Conservation and Restoration

The Canopy Project Bangladesh

Project Summary

The Canopy Project – Mangroves in Bangladesh

This project will grow 100,000 saplings in roughly 10 hectares of land located along the shores of the local village where boating is the main mode of transportation. Planting will green up Char Lands (islands within the river channel/estuary or attached land to the riverbanks) and restore eroded mangroves.  

Planting will bind the soil on the embankments, making it easier for locals to launch boats from shore while creating a habitat for crab, fish, and shrimp populations. Increase of local marine life also helps drive local earnings in the fishing industry.

image credit: Google

Region

Bangladesh

The area comprises the villages of Banishanta union under the Dacope sub-district of Khulna district of Bangladesh. This area lies near the world’s single large mangrove forest, the Sundarbans, home to Royal Bengal Tiger and many other endangered species. Local species rely heavily on the mangrove forests in all aspects of their lives.  

Species

Planting efforts will primarily focus on trees Some of the mangrove being planted include Sunder Mangrove (Heritiera fomes) and the Mangrove Apple (Sonneratia caseolaris) , all species planted are native tropical and mangrove species well adapted to the region. Plantings are both salt and flood-tolerant, guaranteeing they will be long lasting additions to the area.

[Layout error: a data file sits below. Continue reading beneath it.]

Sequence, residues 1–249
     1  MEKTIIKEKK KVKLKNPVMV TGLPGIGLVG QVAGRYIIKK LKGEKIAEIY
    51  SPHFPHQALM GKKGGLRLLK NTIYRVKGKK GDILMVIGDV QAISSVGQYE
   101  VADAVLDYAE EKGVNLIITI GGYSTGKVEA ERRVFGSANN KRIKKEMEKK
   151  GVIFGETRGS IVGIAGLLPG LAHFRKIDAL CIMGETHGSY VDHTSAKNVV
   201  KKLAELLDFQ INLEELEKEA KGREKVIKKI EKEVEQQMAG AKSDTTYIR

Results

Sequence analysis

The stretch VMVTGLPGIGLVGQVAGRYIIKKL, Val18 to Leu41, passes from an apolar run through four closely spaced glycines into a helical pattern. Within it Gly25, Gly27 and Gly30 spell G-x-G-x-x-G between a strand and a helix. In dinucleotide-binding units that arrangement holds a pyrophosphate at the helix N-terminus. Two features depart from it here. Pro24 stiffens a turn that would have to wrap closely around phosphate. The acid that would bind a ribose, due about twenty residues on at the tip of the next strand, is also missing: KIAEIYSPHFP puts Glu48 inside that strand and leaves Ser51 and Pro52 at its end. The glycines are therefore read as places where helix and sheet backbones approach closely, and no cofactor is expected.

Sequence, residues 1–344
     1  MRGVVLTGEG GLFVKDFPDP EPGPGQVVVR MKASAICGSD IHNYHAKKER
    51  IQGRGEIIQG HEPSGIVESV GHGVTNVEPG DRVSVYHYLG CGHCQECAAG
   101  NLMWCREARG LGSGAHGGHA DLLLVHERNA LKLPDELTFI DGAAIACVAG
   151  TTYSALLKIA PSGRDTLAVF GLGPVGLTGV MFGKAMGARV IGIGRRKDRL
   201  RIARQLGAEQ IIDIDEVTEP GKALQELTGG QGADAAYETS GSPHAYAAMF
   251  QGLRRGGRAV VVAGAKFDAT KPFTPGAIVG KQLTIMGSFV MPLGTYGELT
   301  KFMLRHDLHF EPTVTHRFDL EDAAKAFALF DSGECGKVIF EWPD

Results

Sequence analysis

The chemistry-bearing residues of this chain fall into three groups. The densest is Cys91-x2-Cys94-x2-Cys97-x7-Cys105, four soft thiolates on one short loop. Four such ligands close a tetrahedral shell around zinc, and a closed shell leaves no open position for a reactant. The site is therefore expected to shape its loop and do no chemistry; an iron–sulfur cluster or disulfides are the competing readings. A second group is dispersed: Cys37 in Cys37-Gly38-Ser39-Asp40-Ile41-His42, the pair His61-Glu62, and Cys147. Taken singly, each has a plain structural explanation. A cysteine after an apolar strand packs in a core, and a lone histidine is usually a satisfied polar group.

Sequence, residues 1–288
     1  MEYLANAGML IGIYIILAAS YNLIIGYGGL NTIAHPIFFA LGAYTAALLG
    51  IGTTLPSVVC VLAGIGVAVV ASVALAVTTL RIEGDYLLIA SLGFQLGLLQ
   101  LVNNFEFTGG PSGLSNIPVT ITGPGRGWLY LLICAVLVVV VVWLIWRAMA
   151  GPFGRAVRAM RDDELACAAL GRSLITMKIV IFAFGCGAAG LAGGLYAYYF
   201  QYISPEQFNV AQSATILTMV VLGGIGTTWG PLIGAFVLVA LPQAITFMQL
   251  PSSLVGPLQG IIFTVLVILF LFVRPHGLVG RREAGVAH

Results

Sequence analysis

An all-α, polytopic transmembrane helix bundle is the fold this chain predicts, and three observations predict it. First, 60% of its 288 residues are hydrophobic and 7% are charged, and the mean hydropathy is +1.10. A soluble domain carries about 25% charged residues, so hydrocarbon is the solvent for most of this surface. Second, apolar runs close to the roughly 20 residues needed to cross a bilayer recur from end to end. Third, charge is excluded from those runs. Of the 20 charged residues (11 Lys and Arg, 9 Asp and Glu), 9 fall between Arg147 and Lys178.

Carbon Sequestration

On top of plantings, investigations into illegal poaching and timber farming, EARTHDAY.ORG and its partners are helping contribute to these communities It is estimated that the average annual carbon sequestration rate for mangroves averages between 6 to 8 Mg CO₂ e/ha (tons of CO₂ equivalent per hectare). These rates are about two to four times greater than global rates observed in mature tropical forests. The potential carbon sequestering capacity created through this project would be 600 to 800 Mg CO₂e/ha (tons of CO₂ equivalent per hectare).   

Community Support

This project directly benefits roughly 60 families comprising of over 300 people. Many of these benefitting directly are women and other vulnerable populations.

On July 26, 2022, also known as World Mangrove Day,  an inauguration was held by the local community for the planting site.

   

Planting Period

June to August 2022

Status: Active

Project Contributions

Climate Change Adaptation
Community & Economic Benefits
Carbon Sequestration
Biodiversity Benefits

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